Homepage / Future's last year
Titel

Michael Laczynski - Future's last year

How 1999 changed the world

Around the world, decisions were made in 1999 that transpired to be highly incendiary. Laczynski delivers a surprising analysis. Financial bubbles and debt crises, Wladimir Putin and Donald Trump, the rise of China and the demise of Europe, talent shows and "Game of Thrones". Smart phones and social networks, populists and self-promoters, internet billionaires and Me Incs, 9/11 and the endless wars in the Near East – many of the developments that have shaped our era of crises and conflicts have their roots in 1999. It was a time when the future seemed within reach and the hope for world peace and prosperity for all seemed justified rather than naive. "Future's last year. How 1999 changed the world" details how the carnival of optimism came to an end and the course was set for the return of a past we thought had long been overcome.

Book details

192 pages
format:140 x 220
ISBN: 9783701734429
Release date: 12.03.2019

License rights

  • World rights available
License requests

Product details

Author
Michael Laczynski

was born in Warsaw in 1973. He was EU correspondent for the daily paper "Die Presse" in Brussels until March 2017 and is currently based at the "Presse" editorial office in Vienna, from where he reports on European topics. He studied economics and Japanology in Vienna and Tokyo, reported from Japan for "Austria Presse Agentur", co-founded the cultural magazine "Touristen" and was in charge of the Eastern European department of the daily financial paper "Wirtschaftsblatt". In 2015 he was awarded the Europa Staatspreis of the Federal Republic of Austria. His most recent book: "Fürchtet euch und folgt uns" (2017).

Events
Buchpräsentation
VHS Ottakring, Ludo-Hartmannplatz 7, 1160 Wien

More Books of the author

Open your eyes and hope for the best

Michael Laczynski - Open your eyes and hope for the best

An instruction manual for unsettled times

Economic crises, the success of populist parties, the return of nationalistic reflexes, the rapidly advancing digitalisation of everyday life and work are reason enough for pessimism. Discussions are held in an increasingly aggressive tone, blatantly displayed ignorance rules the virtual and real-world debates. It seems as if everyone has an opinion, but nobody has any idea where the socio-political journey is taking us. All the more welcome is this guide for living in such unsettled times – knowledgeable and well-founded, yet with plenty of humour and irony. This is a book that engagingly addresses the big topics of the present age: populism, fear of downward mobility and pressure to perform, increased harshness of communication, yearning for leadership, anxiety about the future.

You might also be interested in

Woodstock ´69

Frank Schäfer - Woodstock ´69

The Legend

“3 days of peace and music” it said on a red poster with a dove of peace painted on a stylized guitar. The newspaper advertisement that was placed all over the country at the same time was even more specific: “Just walk around for three days, without seeing skyscrapers or trafficlights. Let your kite fly, lie down in the sun. Prepare your meal on your own and breathe fresh air.” And the music: With Jimi Hendrix, Janis Joplin, The Who, Joan Baez and many others, this “Aquarian Exposition” was well-cast. And so it happened that on August 15th 1969 there were 400.000 to 500.000 people setting off to the Catskill Mountains. Traffic came to a standstill, the supply situation was awful, there was nothing, except for dope. New York’s Governor threatened to declare a state of emergency, the whole world was expecting a catastrophe. The hippie’s dream of love, peace, fraternity, ecstasy and transcendency came true for three whole days. There the counterculture had its last great celebration, in the face of Vietnam. Woodstock is the hippie movement’s legendary culmination and at the same time its geatest possible gathering.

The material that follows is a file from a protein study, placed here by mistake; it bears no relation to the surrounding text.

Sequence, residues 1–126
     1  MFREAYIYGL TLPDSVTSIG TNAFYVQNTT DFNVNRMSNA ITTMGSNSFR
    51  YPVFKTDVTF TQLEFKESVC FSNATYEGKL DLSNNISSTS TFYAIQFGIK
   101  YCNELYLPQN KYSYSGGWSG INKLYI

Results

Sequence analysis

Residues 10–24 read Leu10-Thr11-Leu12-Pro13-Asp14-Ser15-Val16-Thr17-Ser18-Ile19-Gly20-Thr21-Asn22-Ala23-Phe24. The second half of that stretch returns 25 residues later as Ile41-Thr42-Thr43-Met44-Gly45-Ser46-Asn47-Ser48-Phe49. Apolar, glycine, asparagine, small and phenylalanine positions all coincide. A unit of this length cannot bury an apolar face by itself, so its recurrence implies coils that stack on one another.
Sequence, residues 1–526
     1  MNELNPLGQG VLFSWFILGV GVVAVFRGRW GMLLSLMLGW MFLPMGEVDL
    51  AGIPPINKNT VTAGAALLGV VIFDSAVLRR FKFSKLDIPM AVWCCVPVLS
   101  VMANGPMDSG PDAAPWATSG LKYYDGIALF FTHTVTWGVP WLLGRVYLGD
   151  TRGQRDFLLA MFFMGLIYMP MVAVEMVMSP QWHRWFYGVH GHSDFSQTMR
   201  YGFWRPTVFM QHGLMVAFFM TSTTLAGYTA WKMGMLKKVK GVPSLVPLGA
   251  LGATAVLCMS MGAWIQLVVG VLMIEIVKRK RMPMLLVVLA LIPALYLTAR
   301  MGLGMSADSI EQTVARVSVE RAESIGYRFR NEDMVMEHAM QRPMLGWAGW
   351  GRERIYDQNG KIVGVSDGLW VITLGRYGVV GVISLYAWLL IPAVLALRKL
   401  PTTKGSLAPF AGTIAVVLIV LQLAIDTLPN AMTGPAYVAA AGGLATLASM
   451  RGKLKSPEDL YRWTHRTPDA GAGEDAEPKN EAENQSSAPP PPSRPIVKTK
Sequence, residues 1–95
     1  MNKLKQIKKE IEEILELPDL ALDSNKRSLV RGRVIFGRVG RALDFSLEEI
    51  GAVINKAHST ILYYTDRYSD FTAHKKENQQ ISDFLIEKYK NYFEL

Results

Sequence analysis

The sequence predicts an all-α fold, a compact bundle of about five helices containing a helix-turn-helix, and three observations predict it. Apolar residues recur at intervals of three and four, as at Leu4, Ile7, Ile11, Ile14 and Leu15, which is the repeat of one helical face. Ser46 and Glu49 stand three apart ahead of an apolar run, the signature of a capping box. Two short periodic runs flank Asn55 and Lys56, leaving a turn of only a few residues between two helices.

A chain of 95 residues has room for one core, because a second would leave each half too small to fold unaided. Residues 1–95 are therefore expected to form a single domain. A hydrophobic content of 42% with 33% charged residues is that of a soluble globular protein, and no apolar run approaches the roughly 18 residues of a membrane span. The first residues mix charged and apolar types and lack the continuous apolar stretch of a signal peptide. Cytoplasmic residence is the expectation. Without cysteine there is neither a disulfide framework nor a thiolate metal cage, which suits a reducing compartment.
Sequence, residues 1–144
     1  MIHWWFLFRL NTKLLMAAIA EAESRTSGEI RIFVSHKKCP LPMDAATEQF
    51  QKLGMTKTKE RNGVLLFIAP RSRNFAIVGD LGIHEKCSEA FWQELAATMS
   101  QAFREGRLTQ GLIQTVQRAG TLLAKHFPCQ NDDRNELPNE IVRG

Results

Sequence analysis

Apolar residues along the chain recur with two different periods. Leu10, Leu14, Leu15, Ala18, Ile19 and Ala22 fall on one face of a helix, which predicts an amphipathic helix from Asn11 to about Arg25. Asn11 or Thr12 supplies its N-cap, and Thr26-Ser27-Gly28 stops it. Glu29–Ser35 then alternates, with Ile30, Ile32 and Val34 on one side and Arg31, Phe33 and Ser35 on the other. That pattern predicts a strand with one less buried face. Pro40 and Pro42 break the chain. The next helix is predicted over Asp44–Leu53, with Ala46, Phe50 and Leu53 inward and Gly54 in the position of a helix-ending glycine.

The new subjects

Boris Schumatsky - The new subjects

Postmodernism, Populism & Putin

25 years after the dissolution of the Soviet Union, Europe's democracies are in a deep crisis. Old political camps are fading: the left is trading revolution for nationalism; the right is borrowing a useful enemy – the banks – from the left. It causes Boris Schumatsky great dismay to see the growing success of Russia's autocrats. Whether right, left or middle: Ruling is fun, freedom is tough. During the 1990s, a wave of postmodernism seemed to promise everlasting peace. Now the ease of those days, and with it an inability to tell apart truth and lies, has turned into a populist monster. Boris Schumatsky delivers an astute analysis of current political trends and future prospects.

1966

Frank Schäfer - 1966

The Year the World expanded its Mind

The opening of the Psychedelic Shop on Haight & Ashbury on January 3, 1966 is not only the beginning of an era in pop culture. Ken Kasey and the Merry Pranksters are touring through the US with their public LSD Happenings. Even the Beatles are on acid and they're more famous than Jesus. And more controversial, too. In London's UFO club, Pink Floyd begin their ascent to the stars, just like Captain Kirk, Spock, and Bones. The cold war moves to outer space and students start moving to the streets. And a white whale is sighted in the Rhine… Frank Schäfer paints a colorful collage of the year when postwar blandness was replaced by psychedelic pink paisley.